Editor's Note: This article originally appeared on the DCM Services website and is republished on insideARM with permission.
On Thursday, August 8, 2019, the Seventh Circuit Court of Appeals (7th Cir.) published its long-awaited opinion in the matter of Lavallee v. Med-1 Solutions, LLC, 17-3244 (7th Cir. Aug. 8, 2019). For everyone in the ARM industry that is considering using email to deliver requisite 1692g disclosures, the decision is mandatory reading.
I wrote an article about this case in October of 2017 when I was still at insideARM. At that time, I wrote: “On September 29, 2017, in a very interesting and timely Fair Debt Collection Practices Act (FDCPA) case, a district court in Indiana shot down a debt collector’s argument that it “sent” its validation notice to a consumer via email. The case is Lavallee v. Med-1 Solutions, LLC (Case No. 1-15-cv-1922, U.S.D.C., Southern District of Indiana).”
Everyone in the ARM industry is talking about more “digital engagement” with consumers. Interactive web portals, emails, texts, chat are the obvious options, with email being the most interesting and potentially most beneficial. However, use of email, particularly for 1692g disclosures, is fraught with issues.
What the Lavallee case has taught us is this: sending an email that contains a hyperlink to the requisite disclosures is NOT a communication of the requisite disclosures under the Fair Debt Collection Practices Act (FDCPA). The crux of the court’s opinion revolves around the definition of “communication,” particularly what constitutes a “communication” under the FDCPA. The court found that the emails were not “communications” since the substance of the email itself contained no disclosures or debt information. Nor did the hyperlink save the emails because it required the consumer to take multiple extra steps to obtain the information. (In fact, the court found that the consumer would have been required to take six (6) separate actions to read the notice.) The court noted:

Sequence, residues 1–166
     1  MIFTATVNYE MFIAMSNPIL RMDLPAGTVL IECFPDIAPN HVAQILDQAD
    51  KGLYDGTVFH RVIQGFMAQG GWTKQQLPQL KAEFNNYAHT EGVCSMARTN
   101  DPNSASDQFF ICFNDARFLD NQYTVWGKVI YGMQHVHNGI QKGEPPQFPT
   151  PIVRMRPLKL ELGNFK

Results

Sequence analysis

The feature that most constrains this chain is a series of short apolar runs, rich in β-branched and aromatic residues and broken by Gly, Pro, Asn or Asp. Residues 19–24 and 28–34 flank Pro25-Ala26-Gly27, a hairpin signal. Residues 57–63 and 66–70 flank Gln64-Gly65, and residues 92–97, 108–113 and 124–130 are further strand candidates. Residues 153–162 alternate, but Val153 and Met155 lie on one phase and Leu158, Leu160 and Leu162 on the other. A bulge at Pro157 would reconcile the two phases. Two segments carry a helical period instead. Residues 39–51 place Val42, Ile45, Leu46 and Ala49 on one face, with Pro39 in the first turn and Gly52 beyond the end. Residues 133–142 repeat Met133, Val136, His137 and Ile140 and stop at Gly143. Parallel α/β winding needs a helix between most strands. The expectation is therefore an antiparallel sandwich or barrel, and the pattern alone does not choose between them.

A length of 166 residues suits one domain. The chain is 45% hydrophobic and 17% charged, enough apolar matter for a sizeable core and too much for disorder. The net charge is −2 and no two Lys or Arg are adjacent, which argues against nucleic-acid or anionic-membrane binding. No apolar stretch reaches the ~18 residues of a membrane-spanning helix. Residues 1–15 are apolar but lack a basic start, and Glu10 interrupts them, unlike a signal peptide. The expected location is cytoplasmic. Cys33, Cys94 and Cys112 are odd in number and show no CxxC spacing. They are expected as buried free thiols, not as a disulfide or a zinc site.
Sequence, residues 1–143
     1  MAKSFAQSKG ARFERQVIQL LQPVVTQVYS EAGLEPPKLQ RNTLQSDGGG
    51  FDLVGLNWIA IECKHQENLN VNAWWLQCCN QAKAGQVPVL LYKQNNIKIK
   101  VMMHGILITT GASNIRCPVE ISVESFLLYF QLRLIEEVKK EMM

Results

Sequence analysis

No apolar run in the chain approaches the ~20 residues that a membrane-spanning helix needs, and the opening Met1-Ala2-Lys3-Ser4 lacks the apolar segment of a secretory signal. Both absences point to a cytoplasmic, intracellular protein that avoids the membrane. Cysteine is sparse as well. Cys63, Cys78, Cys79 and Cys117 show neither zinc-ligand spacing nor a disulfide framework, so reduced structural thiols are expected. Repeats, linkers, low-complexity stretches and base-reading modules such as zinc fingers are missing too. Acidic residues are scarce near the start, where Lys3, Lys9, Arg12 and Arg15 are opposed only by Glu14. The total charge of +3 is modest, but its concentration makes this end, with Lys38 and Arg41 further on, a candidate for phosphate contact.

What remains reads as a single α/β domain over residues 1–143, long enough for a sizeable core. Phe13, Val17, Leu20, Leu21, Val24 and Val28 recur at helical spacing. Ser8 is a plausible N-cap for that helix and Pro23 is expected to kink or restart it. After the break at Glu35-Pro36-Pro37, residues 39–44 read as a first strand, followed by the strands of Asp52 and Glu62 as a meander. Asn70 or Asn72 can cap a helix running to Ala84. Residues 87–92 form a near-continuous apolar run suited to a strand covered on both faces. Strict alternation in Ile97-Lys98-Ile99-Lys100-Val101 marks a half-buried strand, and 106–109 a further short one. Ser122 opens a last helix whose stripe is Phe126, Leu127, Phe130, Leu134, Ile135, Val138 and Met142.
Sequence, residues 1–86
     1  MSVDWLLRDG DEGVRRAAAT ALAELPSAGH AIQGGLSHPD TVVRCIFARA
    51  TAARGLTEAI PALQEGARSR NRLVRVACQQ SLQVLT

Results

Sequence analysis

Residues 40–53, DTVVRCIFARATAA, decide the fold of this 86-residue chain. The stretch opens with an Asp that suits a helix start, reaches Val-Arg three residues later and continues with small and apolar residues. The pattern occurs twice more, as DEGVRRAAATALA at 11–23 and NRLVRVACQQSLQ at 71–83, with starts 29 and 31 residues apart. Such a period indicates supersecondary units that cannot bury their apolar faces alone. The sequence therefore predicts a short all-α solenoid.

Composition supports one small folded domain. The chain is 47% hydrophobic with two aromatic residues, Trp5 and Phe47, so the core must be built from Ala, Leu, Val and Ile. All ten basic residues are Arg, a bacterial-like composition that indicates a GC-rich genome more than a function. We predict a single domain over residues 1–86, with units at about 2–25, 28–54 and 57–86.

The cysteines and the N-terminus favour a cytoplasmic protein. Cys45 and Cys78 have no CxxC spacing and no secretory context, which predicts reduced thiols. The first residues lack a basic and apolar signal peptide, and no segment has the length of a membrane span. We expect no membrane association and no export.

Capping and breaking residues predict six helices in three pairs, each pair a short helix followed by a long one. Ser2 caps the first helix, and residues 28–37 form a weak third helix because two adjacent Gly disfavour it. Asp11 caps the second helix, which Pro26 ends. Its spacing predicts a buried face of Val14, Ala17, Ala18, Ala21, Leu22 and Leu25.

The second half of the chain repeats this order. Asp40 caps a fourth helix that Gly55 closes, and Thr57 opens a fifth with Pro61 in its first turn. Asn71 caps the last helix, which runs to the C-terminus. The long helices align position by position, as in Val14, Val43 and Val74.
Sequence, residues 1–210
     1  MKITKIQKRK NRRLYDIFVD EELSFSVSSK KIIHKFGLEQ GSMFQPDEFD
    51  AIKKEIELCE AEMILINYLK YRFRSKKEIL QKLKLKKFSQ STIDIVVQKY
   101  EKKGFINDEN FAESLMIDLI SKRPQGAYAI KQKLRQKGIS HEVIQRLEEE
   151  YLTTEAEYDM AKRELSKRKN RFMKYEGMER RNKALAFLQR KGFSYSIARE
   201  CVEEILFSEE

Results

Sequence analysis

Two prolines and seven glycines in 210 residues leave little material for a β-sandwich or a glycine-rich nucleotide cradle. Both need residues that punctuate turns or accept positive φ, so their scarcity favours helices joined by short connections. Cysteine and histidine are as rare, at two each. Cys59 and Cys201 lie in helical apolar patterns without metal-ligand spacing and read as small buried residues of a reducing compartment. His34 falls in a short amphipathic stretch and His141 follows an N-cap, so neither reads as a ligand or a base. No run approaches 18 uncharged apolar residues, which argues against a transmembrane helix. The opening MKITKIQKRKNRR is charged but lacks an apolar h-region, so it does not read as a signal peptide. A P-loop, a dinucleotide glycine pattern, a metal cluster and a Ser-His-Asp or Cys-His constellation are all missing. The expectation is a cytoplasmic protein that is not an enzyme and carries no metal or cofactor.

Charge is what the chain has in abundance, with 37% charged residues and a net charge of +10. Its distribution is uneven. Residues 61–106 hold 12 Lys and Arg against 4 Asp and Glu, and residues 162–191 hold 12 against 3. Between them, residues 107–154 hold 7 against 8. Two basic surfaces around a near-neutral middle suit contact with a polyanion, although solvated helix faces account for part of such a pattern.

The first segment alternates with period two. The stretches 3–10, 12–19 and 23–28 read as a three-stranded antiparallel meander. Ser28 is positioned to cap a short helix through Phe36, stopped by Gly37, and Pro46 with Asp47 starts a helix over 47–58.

To access the validation notice, Lavallee would have had to (1) click on the “View SecurePackage” hyperlink in the email; (2) check a box to sign for the “SecurePackage”; (3) click a link to open the “SecurePackage”; (4) click on the “Attachments” tab; (5) click on the attached .pdf file; and (6) view the .pdf with Adobe Acrobat or save it to her hard drive and then open it.
The CFPB’s NPRM is currently the hot topic in the ARM space. The NPRM is opening the door to more electronic communications, including emails. However, it is not clear at this time how “open” that door is going to be. Use of emails for initial communications is an interesting concept - but many questions remain to be answered. Notably: How and when can the industry use emails for communication? What will be required to use emails? Should “prior consent” be required, and how will we track consent and revocation? Finally, what in the world does the ESIGN Act have to do with this?
The NPRM's comment period has been extended. Debt collectors and industry groups now have until September 18, 2019, to submit comments on this specific issue.
It will be very interesting to see how email communications will be used in the future. Among the open issues to be resolved is what options will pass muster when sending required disclosures to consumers via email if using Lavallee-like hyperlinks are not considered an appropriate communication?